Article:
Swiftia pallida would be removed by removal of the substratum, therefore intolerance has been assessed as high. Recovery would depend on the proximity of viable adults in the locality, as larval distribution is limited. If an entire population were removed, then recovery is unlikely. Hence recoverability is assessed as very low, resulting in a very high sensitivity assessment.
Intermediate Low No information Low
Swiftia pallida usually grows to heights of less than 10cm, so smothering is likely to kill small colonies, and probably cause mortality of the polyps which are buried in larger colonies. Hence intolerance is assessed as intermediate. Recovery is dependant on the presence of viable adults near by, so if the entire population consists of small colonies that will be killed, recovery is very unlikely. If, however, the population contains colonies which grow above the benchmark level of 5 cm, then recovery is likely, but will probably take several years. Therefore recovery is assessed as low, resulting in a high sensitivity ranking.
Tolerant Not relevant No information Moderate
Swiftia pallida is thought to be tollerant of some siltation (Mitchell et al., 1983), and is found on rocks covered with a fine layer of silt. Further, while siltation may inhibit feeding, colonies of the sea fan Eunicella verrucosa produce mucus to clear themselves of silt (Hiscock pers comm.). Therefore Swiftia pallida has been assessed as tolerant to this factor, and is not sensitive.
Tolerant Immediate No information Low
It is possible that Swiftia pallida may feed on small particulate matter in suspended sediment, so a large reduction in this factor may result in reduced food availability for the sea fan. However at the benchmark level of a one month change, the effects are deemed unlikely to be fatal, so the species has been assessed as tolerant. Recovery is likely to be immediate on return to normal conditions, therefore not sensitive has been recorded.
Not relevant Not relevant No information Not relevant
Sea fans are found only in the circalittoral where desiccation will not occur.
Not relevant Not relevant No information Not relevant
Sea fans are found only in the circalittoral and so changes in emergence are not relevant.
Not relevant Not relevant No information Not relevant
Sea fans are found only in the circalittoral and so changes in emergence are not relevant.
Intermediate Moderate No information Very low
Sea fans are found in strong tidal streams but most likely retract their polyps when current velocity gets too high for the polyps to retain food (Hiscock pers. comm.), leading to a reduction in viability. Tidal streams exert a steady pull on the colonies and are therefore likely to detach only very weakly attached colonies. Hence intolerance has been assessed as intermediate. Due to limited recruitment and slow growth rate, recoverability is assessed as moderate, therefore sensitivity is moderate.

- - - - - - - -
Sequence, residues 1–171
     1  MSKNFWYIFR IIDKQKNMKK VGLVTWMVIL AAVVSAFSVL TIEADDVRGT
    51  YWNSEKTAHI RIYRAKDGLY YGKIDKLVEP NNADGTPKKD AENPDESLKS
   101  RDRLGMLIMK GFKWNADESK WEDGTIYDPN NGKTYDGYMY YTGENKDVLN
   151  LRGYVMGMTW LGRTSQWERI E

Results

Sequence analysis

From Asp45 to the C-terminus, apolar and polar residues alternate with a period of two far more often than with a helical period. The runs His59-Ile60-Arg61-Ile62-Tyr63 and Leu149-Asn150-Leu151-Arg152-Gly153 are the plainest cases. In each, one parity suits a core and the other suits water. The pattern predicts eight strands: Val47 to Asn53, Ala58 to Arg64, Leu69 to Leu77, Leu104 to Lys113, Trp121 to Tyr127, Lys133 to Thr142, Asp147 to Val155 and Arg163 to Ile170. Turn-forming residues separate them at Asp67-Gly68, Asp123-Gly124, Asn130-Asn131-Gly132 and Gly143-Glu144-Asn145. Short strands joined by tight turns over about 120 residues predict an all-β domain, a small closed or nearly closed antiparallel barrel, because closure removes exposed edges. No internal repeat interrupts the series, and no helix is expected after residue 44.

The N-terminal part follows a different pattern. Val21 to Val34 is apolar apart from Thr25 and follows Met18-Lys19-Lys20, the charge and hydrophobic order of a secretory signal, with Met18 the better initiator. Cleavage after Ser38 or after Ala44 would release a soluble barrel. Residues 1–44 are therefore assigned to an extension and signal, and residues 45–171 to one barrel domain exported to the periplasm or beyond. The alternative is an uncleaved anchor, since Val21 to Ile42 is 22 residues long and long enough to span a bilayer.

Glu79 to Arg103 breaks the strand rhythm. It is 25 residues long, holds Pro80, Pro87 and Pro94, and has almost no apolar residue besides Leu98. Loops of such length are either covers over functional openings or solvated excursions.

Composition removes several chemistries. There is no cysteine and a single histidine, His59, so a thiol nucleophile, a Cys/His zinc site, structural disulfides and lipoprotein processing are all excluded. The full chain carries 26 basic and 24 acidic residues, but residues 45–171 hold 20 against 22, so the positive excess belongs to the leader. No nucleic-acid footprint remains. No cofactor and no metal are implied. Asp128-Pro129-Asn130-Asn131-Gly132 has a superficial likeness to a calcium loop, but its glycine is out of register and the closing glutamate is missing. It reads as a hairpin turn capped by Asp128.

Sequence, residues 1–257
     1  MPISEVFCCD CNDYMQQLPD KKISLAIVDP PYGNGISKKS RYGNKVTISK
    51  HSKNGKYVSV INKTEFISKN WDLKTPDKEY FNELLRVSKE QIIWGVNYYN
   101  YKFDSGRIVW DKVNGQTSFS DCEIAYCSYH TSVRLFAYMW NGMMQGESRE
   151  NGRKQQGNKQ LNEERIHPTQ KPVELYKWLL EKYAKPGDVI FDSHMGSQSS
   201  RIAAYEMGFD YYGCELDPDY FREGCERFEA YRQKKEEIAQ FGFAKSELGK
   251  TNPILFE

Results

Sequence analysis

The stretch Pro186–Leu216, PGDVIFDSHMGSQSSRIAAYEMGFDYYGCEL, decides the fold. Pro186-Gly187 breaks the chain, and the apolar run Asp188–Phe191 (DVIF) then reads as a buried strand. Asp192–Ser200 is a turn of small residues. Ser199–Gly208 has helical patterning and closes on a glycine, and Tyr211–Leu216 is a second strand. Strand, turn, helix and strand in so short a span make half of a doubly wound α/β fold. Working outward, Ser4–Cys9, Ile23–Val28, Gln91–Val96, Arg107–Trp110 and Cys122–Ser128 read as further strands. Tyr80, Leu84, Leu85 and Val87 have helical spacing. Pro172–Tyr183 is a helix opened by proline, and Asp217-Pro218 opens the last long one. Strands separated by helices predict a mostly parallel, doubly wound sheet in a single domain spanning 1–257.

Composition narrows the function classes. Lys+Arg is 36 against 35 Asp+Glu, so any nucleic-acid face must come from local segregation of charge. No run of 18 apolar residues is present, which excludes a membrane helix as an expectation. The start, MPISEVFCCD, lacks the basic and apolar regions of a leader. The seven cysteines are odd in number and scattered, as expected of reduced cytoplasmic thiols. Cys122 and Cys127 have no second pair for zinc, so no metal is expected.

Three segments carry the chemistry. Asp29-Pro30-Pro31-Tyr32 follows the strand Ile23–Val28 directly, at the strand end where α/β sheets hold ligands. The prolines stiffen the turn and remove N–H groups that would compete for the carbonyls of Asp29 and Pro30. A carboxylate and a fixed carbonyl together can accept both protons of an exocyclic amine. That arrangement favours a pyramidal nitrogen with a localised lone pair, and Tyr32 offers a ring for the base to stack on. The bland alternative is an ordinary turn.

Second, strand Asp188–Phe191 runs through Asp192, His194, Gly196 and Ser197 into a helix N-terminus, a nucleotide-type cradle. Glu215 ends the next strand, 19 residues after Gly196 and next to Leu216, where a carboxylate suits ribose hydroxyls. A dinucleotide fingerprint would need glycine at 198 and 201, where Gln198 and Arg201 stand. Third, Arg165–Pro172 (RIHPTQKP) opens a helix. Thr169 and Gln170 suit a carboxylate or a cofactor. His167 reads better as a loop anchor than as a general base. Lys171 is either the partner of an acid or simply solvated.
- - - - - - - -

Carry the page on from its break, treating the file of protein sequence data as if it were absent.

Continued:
Intermediate Moderate No information
Swiftia pallida is a filter feeder, so relies on high water flow rates to bring food and to remove silt. Colonies deprived of food may be adversely affected and, without significant water flow to remove silt, silt may kill tissue leaving areas bare of coenenchyme to be colonized by encrusting organisms. Due to limited recruitment and slow growth rate, recoverability is assessed as moderate, therefore sensitivity is moderate.
Intermediate Low No information Moderate
Mitchell et al., (1983) suggested that the Scottish and Irish populations of Swiftia pallida are at the southern limit of the species range (although this is contested by Hiscock et al., 2001), all sources agree that an increase in temperature is likely to lead to reduction or loss of this sea fan (Hiscock et al., 2001; Jones et al., 2002). At the benchmark level of an increase of 2°C for one year, reproductive success may be impaired, leading to a loss of new recruits, but existing colonies are likely to persist. This would suggest an intolerance of intermediate, however the species had been assessed as highly intolerant, because as colonies die off populations are likely to gradually decrease in density over time after a critically high temperature threshold is reached. Hiscock et al. (2001) predicted the loss of all populations occurring in the Inner Hebrides and mainland western Scotland with a 2°C increase in summer surface temperatures over a 20 year period.
Temperature may also affect the incidence of disease (see Introduction of microbial pathogens/parasites).
Recovery is dependant on larval recruitment, which is thought to be local (Hiscock et al., 2001), but as reproduction may be dependant on lower temperatures, warmer waters are likely to reduce reproductive viability, so new recruits are not likely. Hence recoverability has been assessed as low, resulting in a high sensitivity value. Populations are unlikely to shift to a more northern distribution because they are self sustaining, so geographical barriers are likely to prevent more northern colonization, as "illustrated by the absence of Swiftia pallida from the Shetland Islands (Hiscock et al., 2001).
Tolerant Not relevant No information Low
As the species may be at the southern limit of its distribution in the UK, Swiftia pallida is likely to be tolerant of, or possibly even benefit from a decrease in temperature. Therefore the sea fan has been assessed as tolerant and not sensitive. However, range extensions are unlikely due to limited larval distribution and geographical barriers (Hiscock et al., 2001).
Tolerant Not relevant No information Very low